“All of these things we’ve done to rock the boat, you could call them a publicity stunt . . . but a lot of truth is said in jest,” Kogan says.
Controversy is one way to draw attention to your brand, but it’s not the only way.
Seasoned venture capitalist Tristen Langley, of Southern Cross Venture Partners, says every business should have a video. “It’s the new flyer,” Langley says. “You can embed it in your marketing materials, your emails, your website and Pinterest pages. It’s a much more shareable medium.”
Making them is relatively easy these days, and if they’re entertaining, they spread. Notable examples include Dollar Shave Club chief executive Michael Dubin’s cocky endorsement of his new brand, and feminine hygiene products maker Bodyform’s brutally honest tampon marketing video, both of which went viral last year.
The process of creating one helps a business become clearer about its purpose in the process of explaining itself, Langley says. And it’s a way to add some personality to your business by showing the people behind it, which helps you to stand out.
“So much communication is faceless,” Langley says. “After couponing [sites like Groupon], people have a very transactional view of dealing with you. Now it’s about how do they feel about the personality of your business because they never got to know you.”
Blogs are another way to reach out. You could try getting a bit political, says angel investor and biotech entrepreneur Chris Behrenbruch. “Watch taxation and be a part of the debate,” he says. “SMEs are a major slice of the Australian payroll and executives need to be more vocal about tax-effective equity incentives for employees.”
A challenging financial climate has strained the budget sheets of a lot of companies, and employees are often expected to forgo training and development until things get better. They’re getting impatient, says Behrenbruch, and it’s time for employers to take steps to stop them packing their bags.
“While the economic outlook for the next 12 months is a little murky for Australia, the truth is that the workforce has been somewhat desensitised and ‘job security’ may no longer be enough of a motivator to stick around after a period of flat wage increases and limited employee development,” Behrenbruch says. “The first that are willing to invest to retain their talent are going to do the best in the next 12 months.”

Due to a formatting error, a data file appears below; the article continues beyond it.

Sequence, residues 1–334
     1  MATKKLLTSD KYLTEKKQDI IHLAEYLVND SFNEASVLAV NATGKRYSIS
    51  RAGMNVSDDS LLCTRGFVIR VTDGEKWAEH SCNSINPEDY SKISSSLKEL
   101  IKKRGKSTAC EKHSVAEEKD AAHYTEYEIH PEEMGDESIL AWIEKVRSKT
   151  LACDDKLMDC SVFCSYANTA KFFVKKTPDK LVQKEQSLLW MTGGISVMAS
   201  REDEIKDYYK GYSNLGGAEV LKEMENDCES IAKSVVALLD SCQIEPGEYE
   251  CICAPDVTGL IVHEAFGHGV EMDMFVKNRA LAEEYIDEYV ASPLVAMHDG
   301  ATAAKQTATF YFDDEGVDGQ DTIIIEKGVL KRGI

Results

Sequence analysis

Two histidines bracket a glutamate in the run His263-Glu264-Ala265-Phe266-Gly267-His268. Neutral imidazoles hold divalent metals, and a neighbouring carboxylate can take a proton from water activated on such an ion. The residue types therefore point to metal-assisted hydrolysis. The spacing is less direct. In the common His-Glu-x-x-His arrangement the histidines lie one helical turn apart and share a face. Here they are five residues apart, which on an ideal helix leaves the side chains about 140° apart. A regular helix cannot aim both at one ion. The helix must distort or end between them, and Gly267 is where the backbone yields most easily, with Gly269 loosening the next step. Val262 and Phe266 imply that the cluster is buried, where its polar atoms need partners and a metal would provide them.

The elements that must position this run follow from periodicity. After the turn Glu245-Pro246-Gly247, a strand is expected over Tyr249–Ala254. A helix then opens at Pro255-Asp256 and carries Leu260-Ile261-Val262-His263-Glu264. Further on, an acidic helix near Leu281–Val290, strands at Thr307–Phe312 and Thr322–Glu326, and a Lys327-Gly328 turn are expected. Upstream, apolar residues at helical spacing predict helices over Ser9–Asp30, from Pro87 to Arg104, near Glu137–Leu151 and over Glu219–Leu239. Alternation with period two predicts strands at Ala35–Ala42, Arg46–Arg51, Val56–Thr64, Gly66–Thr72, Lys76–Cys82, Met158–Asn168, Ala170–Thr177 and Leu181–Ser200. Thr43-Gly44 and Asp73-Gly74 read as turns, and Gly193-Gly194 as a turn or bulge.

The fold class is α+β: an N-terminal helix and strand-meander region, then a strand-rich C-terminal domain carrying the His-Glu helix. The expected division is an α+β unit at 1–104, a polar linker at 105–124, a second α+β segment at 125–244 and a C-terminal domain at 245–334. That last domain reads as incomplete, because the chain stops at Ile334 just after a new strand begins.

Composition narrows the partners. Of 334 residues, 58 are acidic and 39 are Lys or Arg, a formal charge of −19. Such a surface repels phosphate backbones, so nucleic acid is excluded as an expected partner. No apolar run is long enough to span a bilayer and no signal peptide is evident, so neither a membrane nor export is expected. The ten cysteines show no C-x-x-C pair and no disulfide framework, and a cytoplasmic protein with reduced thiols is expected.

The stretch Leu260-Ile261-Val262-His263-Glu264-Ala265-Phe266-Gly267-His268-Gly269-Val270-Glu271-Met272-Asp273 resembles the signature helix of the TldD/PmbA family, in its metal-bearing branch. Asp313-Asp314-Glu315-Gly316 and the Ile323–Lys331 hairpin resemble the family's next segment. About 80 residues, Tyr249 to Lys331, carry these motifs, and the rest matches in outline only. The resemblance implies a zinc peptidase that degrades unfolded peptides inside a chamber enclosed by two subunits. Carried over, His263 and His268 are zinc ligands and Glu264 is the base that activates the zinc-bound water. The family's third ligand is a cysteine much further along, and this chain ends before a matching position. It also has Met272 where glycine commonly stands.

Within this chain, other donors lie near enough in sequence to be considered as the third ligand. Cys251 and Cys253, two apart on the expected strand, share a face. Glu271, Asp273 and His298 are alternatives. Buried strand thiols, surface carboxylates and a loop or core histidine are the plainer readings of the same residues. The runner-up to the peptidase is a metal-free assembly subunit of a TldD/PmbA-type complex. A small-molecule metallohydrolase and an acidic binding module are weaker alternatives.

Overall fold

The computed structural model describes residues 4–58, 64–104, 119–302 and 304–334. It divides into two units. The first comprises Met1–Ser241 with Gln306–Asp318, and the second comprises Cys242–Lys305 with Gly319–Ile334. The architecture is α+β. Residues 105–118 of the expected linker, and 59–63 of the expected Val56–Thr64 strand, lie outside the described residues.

There is a range of ways to empower your staff. Entrepreneur and Catcha Group founder Patrick Grove recommends giving top performers shares in your business “so that you’re one big family as you enter 2014”.
Real estate groups including Ray White Group and LJ Hooker have invested in programs to develop their youngest professionals and lay out a career path before them. This includes networking nights, conferences and courses.
Other ideas include providing a yearly budget to your staff to attend conferences or courses, or if finances don’t permit offering this to everyone, providing it as an award to a select few.
Merav Bloch, an associate with Australian venture capital fund Square Peg Ventures, says companies should get away from relying on annual performance reviews to communicate feedback to employees.
“This is a mistake,” Bloch says. “Employees, like athletes, need regular coaching to improve. Feedback should be like voting: given early and often, ideally after every major piece of work.”
She has come across creative initiatives to encourage constructive feedback. One company gives each employee a number of “points” (say, 10) to divide up among other employees in the company however they like. A variation of this is allowing employees to determine how bonuses should be allocated, by giving them an amount to allocate however they think appropriate.
Consider greater transparency, she says. A great transparency initiative is Google’s TGIF, which is a weekly all-hands meeting where any employee can ask anything of anyone else in the company, including the chief executive.